Any Bravery Left, in our Sick New World?

Let’s start with some context. The Great Depression of the 1930’s was a worldwide event, the economic effects reached at least 90% of the world’s population in significant ways. World War II, that followed (with the two events developing over 15 years or so) also had economic effects that probably reached at least 90% of the world, and the significant political effects were also up in the 90% levels, with many populations affected by civil wars, refugee flows and urban warfare.

My best judgment as a historian is that the Corona virus catastrophe is already, for all living generations, our version of the Great Depression.

If it goes on with shutdowns of events over 10 people over large portions of one’s country for the next four or six months – or with massive die-offs in the countries that haven’t locked down enough in that time period – or if it comes roaring back in the fall after an attempt to return to normal in the summer – the Corona virus will be our World War II as well.

Nearly every society will be undergoing massive changes in social attitudes, in institutions, in politics high and low, and in economics high and low. It is already Massive, and the worst is the huge number of uncertainties surrounding our scientific knowledge of the virus and its effects – on top of all the usual local political, economic and personal uncertainties we all face every day.

There are so many questions for which even the best authorities just can’t provide definite answers. What’s the death rate? Why the large disparity between many mild cases and the worst cases? How deep an economic hole could we fall into? Do existing tests have a big false negative rate? Can we get medical equipment to where it’s needed? The questions go on and on.

I’m not the guy who’s here to give my predictions and prognostications and surmises on just how it will all turn out, on just what the huge adjustments that we will be making, will turn out to be.

I am the guy who’s here to pound on the point that your thoughts and actions (and everybody else’s thoughts and actions) is what will determine and create that future history that all of us – all of us who survive — will be experiencing. The zillions of hourly and daily thoughts and actions of all the world’s 8 billion people over the next year and more will be what determines our human future, our individual and social/national/global futures as well.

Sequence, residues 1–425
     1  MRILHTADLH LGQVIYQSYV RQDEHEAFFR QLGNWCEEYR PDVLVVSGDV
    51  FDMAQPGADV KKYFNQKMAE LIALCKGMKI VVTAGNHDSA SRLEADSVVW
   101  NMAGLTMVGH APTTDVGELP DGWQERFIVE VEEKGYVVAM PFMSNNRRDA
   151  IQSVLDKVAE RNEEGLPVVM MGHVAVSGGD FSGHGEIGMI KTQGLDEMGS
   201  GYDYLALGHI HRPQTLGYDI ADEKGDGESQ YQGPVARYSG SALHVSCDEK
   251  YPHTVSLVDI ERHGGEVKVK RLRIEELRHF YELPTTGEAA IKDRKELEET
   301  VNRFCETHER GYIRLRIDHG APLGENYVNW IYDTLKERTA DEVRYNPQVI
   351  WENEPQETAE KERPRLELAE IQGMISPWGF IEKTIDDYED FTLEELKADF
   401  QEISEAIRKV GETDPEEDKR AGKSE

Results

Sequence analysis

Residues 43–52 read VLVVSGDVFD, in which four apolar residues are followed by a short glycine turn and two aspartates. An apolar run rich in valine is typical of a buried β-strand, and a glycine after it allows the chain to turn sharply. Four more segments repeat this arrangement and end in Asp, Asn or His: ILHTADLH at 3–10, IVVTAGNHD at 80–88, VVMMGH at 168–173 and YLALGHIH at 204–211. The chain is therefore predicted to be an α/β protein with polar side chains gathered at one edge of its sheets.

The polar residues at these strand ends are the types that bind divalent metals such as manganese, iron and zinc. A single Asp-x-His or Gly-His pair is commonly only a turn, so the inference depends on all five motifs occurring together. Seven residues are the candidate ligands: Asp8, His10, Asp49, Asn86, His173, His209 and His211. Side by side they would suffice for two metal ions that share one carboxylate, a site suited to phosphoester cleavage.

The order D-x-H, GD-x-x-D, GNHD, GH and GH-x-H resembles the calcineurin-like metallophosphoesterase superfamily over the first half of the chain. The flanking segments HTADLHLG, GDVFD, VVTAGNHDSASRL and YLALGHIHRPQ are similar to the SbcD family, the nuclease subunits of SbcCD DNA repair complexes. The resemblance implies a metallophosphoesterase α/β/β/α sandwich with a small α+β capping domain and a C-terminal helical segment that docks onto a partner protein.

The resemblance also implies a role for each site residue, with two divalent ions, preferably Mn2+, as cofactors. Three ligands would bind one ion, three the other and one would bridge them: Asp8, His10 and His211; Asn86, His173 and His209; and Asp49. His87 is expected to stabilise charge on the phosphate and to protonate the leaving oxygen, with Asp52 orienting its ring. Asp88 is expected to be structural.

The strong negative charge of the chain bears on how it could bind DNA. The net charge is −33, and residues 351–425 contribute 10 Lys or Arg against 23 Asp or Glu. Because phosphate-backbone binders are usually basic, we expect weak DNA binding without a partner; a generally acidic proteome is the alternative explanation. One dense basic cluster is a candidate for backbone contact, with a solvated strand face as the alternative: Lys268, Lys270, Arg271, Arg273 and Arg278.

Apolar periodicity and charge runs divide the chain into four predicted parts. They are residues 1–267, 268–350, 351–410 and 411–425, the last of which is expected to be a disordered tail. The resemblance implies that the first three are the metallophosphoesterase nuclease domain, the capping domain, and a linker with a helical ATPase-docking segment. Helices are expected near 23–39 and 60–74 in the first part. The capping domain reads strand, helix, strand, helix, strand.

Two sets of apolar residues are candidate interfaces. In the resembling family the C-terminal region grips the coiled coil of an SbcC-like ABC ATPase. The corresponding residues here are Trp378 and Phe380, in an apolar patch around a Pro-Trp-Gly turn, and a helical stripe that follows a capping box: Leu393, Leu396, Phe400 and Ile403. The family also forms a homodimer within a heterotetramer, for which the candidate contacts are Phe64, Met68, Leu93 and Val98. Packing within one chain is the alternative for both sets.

As a caution to all, including myself, against trusting your latest great insight, it is very easy for individuals in relatively small subcultures to feel that “the world is going one way” even though the muddled mass of global humanity may be moving in quite a different way.

I am the historian who says that we could understand nearly all historical situations, assuming we could get the data on people’s thoughts and actions. Of course that’s near impossible for the past (barring great archaeological discoveries) yet for us, now, in the 21st Century of drones and data banks, it does become (at least theoretically) possible to do something I wrote about 40 years ago – a Science of History that includes Every Single Person on this earth.

If this sounds ridiculous to you, you should consider that the Chinese government (with the help of American technology companies) is certainly trying to construct a database of the thoughts and actions of any one of the billions of persons under their control, and probably anyone else they can get to.

I am also the historian who has tried to develop an understanding of how our zillions of everyday thoughts and actions do in fact create the data of our histories and our cultures, the data that the social sciences are attempting to explain. And I’ve tried to provide some tools to help you in analyzing the social science data that you can get, from your everyday life, from your interactions with others, and from simple basic research you can do on people and situations in your life. I’ve been developing these tools for over forty years, and I believe they’ve helped me in my life situations.